After more than four decades of division, the ongoing settlement talks on the potential reuni-fication of Cyprus have reached a critical juncture. Since the beginning of a new round of negotiations in May 2015, the leaders of the Greek and Turkish communities, Nicos Anastasiades and Mustafa Akinci, have made substantial progress on the steep road to reunification. Whilst a summit in Geneva in January did not result in the desired breakthrough, it is clear the talks have entered their final phase. Although there is agreement on many issues, negotiations are continuing on questions of territory and the property of displaced persons. The withdrawal of troops and the abolition of the guarantee system are also key issues where an agreement is still pending.
The result of the settlement talks depends not only on Greek and Turkish Cypriots and their political leaders. The three guarantor states Great Britain, Turkey and Greece are also involved in the peace and reunification process. Since the partition of the island in 1974, Turkey has maintained influence over the internationally not recognized “Turkish Republic of Northern Cyprus”. Greece’s decision to support a deal could be influenced by internal political affairs, although the government in Athens has so far endorsed the settlement talks. Moreover, the European Union is participating in the negotiations, providing important input with respect to aspects of the settlement that will affect a reunified island as a member state of the union.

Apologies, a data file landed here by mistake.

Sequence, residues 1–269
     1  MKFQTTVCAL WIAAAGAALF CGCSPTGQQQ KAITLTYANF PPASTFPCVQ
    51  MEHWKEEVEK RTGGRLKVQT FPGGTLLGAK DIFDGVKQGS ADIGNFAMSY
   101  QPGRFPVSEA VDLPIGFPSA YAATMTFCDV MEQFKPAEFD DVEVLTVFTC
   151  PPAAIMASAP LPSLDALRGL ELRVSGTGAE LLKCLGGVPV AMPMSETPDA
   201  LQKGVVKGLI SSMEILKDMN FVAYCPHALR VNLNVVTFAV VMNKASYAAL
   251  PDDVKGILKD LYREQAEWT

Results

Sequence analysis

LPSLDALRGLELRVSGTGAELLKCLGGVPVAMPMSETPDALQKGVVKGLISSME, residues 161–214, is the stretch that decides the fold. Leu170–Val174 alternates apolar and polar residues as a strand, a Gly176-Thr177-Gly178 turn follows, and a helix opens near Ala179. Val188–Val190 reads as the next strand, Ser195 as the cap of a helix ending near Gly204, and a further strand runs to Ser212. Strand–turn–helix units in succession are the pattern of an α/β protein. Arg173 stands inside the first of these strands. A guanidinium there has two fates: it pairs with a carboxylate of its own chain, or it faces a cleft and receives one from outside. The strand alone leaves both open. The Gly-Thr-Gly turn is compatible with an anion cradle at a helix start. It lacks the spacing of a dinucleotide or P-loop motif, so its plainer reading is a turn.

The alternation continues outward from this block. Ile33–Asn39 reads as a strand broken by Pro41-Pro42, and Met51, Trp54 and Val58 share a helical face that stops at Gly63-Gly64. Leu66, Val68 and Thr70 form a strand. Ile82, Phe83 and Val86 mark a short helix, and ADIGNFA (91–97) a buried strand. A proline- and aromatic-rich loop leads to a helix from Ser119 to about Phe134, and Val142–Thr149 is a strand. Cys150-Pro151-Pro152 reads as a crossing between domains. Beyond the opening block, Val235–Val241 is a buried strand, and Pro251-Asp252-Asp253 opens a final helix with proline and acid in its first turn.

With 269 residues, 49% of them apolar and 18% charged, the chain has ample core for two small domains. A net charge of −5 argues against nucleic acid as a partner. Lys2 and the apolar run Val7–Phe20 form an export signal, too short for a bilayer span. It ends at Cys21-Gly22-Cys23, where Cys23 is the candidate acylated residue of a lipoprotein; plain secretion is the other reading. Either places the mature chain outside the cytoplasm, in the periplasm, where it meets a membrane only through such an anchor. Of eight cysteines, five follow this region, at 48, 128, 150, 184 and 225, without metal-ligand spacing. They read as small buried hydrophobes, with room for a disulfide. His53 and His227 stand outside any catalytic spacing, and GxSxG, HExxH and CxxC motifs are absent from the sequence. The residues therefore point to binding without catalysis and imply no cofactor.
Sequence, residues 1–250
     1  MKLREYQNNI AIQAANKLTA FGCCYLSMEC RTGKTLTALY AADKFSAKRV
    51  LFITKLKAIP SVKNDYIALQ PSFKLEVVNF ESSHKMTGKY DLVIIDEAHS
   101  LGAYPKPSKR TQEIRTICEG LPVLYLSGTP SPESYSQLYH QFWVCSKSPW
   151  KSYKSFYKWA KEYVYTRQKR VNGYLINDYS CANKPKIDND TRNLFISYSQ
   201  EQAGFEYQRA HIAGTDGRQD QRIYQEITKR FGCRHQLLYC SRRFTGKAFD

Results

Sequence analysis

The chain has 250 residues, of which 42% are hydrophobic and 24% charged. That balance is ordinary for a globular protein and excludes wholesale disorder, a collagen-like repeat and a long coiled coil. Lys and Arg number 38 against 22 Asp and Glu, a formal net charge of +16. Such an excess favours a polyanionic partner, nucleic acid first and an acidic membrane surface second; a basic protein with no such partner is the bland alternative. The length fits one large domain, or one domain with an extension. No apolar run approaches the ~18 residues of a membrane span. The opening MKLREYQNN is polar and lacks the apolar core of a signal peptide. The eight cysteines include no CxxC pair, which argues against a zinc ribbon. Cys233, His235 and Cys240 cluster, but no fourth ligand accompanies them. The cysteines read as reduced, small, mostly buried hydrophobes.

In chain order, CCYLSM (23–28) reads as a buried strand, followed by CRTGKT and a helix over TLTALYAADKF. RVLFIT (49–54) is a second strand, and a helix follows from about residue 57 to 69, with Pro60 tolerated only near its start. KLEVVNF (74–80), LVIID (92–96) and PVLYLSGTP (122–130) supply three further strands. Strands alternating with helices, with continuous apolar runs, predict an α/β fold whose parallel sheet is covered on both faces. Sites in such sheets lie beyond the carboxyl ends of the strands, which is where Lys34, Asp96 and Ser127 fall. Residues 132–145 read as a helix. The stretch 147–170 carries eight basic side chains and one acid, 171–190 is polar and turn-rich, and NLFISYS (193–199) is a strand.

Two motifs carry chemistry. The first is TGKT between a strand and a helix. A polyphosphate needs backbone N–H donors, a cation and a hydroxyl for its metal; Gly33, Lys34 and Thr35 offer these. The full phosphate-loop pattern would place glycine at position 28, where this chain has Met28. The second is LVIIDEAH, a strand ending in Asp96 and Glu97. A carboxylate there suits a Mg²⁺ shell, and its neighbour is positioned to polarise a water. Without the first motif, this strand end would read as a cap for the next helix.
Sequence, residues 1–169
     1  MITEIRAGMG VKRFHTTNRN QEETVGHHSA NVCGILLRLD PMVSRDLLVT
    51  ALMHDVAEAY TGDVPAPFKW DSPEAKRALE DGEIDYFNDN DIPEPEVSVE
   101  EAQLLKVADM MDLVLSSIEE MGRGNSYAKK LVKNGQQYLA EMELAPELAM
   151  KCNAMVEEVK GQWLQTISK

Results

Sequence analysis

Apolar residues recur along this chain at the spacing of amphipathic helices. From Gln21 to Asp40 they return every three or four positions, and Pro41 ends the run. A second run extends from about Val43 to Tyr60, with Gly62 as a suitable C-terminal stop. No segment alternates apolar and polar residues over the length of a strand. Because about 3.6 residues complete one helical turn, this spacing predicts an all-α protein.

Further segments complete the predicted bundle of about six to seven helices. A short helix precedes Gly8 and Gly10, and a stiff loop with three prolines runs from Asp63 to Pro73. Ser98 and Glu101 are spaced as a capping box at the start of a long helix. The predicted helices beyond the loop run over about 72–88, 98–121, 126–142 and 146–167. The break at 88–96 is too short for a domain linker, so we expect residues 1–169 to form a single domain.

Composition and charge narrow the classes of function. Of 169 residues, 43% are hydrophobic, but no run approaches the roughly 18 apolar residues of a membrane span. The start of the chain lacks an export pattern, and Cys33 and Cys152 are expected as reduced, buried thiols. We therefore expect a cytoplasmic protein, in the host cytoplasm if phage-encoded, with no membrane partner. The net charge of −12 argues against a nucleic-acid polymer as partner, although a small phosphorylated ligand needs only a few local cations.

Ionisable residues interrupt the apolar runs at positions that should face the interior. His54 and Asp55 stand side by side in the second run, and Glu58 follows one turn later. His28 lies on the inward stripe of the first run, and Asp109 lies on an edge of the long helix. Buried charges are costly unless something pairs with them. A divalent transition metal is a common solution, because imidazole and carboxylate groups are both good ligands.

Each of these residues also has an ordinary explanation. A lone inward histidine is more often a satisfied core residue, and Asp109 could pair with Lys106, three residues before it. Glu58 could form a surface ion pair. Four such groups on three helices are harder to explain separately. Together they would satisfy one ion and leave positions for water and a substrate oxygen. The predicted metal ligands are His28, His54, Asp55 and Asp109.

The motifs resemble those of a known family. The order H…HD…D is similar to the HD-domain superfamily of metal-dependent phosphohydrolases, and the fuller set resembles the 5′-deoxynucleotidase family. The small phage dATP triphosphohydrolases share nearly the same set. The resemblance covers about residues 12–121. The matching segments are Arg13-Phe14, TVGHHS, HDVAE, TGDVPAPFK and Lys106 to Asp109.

Ultimately it will up to Cypriots living on both sides of the island to decide, in two simultaneous referenda, whether they wish to unify soon or perpetuate the separation. Approaching the endgame of negotiations, crucial questions and stumbling blocks need to be overcome: How many displaced persons will have the right to return and what will happen to their properties? How can the security of both Greek and Turkish Cypriots be guaranteed in the future? How will power sharing between both sides work?
These are just a few of the questions we plan to discuss at our policy dialogue, with experts from Brussels and Cyprus.